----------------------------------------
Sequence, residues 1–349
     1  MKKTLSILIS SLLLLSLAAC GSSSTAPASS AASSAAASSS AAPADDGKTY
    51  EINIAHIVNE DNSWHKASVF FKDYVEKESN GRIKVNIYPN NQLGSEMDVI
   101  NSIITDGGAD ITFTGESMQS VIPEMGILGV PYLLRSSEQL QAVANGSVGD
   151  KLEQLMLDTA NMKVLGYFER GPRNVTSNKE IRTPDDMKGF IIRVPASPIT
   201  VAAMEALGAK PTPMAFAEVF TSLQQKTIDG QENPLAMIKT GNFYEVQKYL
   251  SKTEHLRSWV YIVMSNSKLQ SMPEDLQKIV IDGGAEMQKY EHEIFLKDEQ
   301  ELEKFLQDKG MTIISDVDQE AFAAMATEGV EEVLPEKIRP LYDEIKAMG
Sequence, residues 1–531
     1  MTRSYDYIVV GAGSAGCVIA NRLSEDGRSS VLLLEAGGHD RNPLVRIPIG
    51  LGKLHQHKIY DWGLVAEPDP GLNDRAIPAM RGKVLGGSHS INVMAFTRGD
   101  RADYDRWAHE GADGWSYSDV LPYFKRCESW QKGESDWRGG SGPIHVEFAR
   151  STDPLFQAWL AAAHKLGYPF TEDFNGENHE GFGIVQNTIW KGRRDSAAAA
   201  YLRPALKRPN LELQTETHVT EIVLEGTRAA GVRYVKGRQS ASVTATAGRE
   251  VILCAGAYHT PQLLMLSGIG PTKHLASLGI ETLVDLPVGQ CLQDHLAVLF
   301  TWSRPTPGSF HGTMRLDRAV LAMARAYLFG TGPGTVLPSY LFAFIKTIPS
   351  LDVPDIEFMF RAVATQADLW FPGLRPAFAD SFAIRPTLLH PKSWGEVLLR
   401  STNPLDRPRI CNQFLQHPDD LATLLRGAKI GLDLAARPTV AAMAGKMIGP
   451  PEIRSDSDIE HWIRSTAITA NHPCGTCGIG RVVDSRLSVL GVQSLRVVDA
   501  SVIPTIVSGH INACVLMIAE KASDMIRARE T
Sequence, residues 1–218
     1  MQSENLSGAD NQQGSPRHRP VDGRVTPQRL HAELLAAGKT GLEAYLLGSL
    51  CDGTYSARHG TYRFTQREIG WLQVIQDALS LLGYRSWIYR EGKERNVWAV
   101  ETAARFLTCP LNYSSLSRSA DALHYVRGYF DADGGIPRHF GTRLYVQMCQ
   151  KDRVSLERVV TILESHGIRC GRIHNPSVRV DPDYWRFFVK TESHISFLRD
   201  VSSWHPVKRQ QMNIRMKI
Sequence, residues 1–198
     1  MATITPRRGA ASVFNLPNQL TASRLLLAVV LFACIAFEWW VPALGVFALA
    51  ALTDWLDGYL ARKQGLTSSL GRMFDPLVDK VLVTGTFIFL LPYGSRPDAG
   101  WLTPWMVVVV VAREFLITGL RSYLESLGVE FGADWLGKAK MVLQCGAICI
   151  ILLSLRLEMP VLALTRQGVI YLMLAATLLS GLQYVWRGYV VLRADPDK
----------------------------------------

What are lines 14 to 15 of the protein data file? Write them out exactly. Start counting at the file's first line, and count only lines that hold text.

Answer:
   201  YLRPALKRPN LELQTETHVT EIVLEGTRAA GVRYVKGRQS ASVTATAGRE
   251  VILCAGAYHT PQLLMLSGIG PTKHLASLGI ETLVDLPVGQ CLQDHLAVLF